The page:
The Amphibian section will cover observations and the calls identified of frogs, froglets and toads. The Cape wetland, creek line, streetscapes and garden habitats provide ideal environments for amphibians.

The source reference is Museum Victorian Field Guide to Victorian Fauna.

To date, six species of amphibians have been identified by call and sight. These include the following species.

Eastern Banjo Frog (Limnodynastes dumerilii) which is very widespread around The Cape and extremely noisy with a loud and somewhat orchestrated “bonk” call which is very dominant on warm, humid nights. It is also known as the “Pobblebonk”. They are a burrowing frog which feed on insects. Their eggs form a white, floating raft in still water.

Brown Striped Frog (Limnodynastes peronii) also known as the “Striped Marsh Frog”. They eat a variety of foods, mostly insects, but will eat smaller frogs. Their eggs are laid in floating foam masses attached to vegetation in still water.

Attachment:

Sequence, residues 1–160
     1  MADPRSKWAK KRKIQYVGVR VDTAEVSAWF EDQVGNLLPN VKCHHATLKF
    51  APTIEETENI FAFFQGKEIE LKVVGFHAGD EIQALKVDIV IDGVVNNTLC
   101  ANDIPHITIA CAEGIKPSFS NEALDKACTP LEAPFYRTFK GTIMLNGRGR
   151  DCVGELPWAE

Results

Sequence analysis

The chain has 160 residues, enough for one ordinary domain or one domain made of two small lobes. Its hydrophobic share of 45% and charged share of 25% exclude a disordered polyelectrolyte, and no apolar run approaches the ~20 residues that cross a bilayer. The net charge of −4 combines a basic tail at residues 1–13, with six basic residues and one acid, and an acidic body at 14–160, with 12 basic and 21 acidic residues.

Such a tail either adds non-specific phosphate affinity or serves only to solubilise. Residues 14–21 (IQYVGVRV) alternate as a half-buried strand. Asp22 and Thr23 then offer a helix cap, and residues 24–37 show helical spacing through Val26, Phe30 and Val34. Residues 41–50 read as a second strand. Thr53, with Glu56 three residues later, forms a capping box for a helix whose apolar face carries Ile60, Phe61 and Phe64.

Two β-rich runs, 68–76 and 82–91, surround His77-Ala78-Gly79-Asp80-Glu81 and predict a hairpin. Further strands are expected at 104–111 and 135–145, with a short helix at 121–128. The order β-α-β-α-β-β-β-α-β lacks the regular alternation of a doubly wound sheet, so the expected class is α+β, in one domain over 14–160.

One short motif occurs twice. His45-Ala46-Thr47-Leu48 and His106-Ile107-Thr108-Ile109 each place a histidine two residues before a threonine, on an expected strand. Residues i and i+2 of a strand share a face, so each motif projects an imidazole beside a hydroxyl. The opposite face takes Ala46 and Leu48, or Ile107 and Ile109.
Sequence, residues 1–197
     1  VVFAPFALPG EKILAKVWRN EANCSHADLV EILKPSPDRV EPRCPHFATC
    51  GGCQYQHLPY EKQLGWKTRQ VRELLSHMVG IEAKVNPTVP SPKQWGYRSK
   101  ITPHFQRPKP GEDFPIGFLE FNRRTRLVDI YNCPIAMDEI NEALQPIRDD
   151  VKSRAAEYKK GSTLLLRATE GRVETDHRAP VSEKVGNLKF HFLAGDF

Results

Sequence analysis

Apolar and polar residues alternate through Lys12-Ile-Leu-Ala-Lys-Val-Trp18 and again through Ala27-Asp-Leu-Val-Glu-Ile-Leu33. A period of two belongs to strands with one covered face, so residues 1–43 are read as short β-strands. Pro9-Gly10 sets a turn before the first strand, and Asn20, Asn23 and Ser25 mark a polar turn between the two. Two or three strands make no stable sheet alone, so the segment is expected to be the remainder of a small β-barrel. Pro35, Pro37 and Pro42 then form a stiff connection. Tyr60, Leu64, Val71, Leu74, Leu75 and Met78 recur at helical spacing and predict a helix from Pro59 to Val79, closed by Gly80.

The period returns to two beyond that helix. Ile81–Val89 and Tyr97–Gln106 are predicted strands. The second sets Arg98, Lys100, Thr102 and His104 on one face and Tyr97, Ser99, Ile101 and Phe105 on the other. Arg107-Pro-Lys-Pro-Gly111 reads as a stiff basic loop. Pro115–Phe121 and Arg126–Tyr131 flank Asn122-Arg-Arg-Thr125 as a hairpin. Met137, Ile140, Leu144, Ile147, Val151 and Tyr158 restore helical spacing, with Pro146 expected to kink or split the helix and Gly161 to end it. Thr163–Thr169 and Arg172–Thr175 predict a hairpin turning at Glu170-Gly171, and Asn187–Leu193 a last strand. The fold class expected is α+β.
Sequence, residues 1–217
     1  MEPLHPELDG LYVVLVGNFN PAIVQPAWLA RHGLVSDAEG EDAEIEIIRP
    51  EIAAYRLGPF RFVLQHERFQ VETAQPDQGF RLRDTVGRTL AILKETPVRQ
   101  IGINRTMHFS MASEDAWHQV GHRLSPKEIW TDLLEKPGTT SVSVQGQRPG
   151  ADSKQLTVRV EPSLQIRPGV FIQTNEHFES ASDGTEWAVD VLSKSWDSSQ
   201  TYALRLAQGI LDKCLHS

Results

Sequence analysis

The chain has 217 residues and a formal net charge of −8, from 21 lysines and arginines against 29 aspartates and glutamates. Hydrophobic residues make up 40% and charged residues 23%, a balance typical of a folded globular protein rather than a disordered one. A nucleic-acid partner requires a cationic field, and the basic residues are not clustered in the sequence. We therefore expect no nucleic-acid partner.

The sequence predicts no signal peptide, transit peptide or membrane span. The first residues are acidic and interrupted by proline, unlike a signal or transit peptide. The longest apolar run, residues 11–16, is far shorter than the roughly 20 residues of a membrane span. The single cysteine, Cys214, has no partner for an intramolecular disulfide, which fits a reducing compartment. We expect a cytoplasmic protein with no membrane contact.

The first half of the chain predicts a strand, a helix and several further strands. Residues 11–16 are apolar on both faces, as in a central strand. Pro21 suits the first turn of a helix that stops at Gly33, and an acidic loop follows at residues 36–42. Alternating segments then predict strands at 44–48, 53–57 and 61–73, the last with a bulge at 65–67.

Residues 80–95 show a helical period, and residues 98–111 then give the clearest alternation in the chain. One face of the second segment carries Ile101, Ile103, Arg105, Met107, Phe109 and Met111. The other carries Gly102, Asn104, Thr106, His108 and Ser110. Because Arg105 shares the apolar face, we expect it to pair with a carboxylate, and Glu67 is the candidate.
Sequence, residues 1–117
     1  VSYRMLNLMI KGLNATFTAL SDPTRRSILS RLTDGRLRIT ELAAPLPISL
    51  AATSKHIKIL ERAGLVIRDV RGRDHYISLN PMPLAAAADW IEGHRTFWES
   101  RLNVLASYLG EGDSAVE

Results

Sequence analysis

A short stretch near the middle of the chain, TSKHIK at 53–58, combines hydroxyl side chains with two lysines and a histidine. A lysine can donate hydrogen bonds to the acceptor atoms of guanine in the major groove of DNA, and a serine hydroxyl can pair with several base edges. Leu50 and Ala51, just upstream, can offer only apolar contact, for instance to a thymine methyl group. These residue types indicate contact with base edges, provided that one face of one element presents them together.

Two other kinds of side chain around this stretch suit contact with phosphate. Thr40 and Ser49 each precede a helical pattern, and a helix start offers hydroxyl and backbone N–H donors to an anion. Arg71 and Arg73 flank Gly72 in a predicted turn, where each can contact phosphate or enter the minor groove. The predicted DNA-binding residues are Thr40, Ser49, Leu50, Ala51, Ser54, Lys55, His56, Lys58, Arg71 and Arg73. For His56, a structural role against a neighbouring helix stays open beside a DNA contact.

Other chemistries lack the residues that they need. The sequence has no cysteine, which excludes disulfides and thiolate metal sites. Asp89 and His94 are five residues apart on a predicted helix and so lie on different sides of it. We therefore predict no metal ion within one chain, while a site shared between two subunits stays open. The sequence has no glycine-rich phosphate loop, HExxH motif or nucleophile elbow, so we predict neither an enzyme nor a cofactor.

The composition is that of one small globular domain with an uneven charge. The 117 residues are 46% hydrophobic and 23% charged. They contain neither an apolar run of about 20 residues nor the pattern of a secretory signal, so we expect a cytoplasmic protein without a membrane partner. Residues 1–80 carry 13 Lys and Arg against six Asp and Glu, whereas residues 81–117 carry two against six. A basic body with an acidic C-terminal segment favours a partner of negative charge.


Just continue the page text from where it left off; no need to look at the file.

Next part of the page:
Common Eastern Froglet (Crinia signifera). They have a call consisting of 3-5 croaks of a repeated “crick-crick-crick-crick-crick”. Their diet is mainly insects and the eggs are laid in a mass attached to vegetation.

Victorian Frog (Litoria paraewingi) also known as the “Plains Brown Tree Frog”. Their call is a slow “creee-creee-cree-cree”. Their diet is insects and the eggs are laid in slow flowing water such as swales and pools.

Verreaux’s Frog (Litoria verreauxii) also known as the “Whistling Tree Frog”.

Brown Tree Frog (Litoria ewingii) also known as “Ewing’s Tree Frog”. This frog can form large breeding aggregations around water. Their call is a fast “creeee creee creee cree cree” made from the ground or low vegetation. A diet of mainly insects.

Nature Observations around The Cape

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